University of Groningen researchers discover why some yeast produces ethanol

January 7, 2019 |

In the Netherlands, University of Groningen scientists think they have figured out why some yeast cells produce ethanol: yeast cells produce ethanol as a ‘safety valve’ to prevent overload when their metabolic operation reaches a critical level. The new theory, which was published in Nature Metabolism on 7 January, could have far-reaching implications, as it also explains why cancer cells waste energy by producing lactate, known as the Warburg effect.

Cells use nutrients like glucose to make new cells. But sometimes, some of these nutrients are wasted. For example, the yeast Saccharomyces cerevisiae, which is used to produce beer, breaks glucose down into ethanol rather than carbon dioxide.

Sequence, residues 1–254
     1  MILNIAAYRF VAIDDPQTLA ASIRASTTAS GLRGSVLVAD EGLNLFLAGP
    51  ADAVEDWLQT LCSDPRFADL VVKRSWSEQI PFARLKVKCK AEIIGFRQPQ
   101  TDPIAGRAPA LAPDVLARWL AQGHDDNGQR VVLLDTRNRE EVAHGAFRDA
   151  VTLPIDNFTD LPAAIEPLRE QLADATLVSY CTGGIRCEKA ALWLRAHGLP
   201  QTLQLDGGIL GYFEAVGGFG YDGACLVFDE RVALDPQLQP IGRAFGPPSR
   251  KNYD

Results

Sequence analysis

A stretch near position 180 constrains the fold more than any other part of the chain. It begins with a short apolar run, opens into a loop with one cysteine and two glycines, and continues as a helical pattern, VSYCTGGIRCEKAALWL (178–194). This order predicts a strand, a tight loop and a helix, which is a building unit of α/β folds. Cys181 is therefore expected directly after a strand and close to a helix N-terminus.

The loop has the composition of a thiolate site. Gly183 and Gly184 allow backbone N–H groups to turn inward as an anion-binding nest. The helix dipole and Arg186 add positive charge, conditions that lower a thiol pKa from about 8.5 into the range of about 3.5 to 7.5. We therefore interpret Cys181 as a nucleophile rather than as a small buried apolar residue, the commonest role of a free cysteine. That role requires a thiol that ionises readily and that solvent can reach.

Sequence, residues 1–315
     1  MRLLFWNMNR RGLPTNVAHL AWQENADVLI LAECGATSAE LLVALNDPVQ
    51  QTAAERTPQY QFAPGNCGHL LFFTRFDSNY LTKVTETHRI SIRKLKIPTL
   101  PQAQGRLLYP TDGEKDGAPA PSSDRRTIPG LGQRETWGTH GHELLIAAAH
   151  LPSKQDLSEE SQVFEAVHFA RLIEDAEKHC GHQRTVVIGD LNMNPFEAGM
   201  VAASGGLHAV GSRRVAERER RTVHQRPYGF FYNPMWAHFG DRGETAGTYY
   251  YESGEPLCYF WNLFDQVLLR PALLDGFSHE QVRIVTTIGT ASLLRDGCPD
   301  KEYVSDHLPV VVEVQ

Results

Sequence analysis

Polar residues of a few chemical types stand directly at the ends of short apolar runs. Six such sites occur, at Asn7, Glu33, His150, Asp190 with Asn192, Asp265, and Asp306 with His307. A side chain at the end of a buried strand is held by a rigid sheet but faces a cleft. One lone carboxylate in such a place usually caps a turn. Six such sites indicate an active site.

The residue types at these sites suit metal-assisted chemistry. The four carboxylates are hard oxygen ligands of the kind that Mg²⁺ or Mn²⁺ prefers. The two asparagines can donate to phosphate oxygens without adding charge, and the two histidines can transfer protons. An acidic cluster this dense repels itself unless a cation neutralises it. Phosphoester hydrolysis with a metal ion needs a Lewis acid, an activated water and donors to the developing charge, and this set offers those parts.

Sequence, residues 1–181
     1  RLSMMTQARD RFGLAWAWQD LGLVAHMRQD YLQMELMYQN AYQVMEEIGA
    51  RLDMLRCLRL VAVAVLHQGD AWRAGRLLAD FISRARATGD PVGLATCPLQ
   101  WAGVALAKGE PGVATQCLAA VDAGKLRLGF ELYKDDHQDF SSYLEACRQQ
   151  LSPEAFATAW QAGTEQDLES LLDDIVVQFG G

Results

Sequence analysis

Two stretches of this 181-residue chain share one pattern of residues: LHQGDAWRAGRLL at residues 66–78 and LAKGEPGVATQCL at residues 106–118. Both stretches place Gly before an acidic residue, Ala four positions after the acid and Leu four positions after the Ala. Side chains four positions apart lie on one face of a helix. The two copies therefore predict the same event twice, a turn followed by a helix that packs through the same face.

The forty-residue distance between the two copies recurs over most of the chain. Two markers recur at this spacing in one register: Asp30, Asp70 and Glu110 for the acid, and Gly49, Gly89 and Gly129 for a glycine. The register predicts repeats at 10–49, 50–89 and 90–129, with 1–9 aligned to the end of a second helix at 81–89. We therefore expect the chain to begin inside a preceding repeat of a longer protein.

By adding thermodynamics to a model with around 1,000 chemical reactions and combining it with experimental data, researchers were able to determine the Gibbs energy dissipation rate as a function of glucose uptake. At first, the Gibbs energy dissipation increases with increasing rates of glucose consumption, but then a plateau is reached—and at that point, ethanol production starts.

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Category: Research

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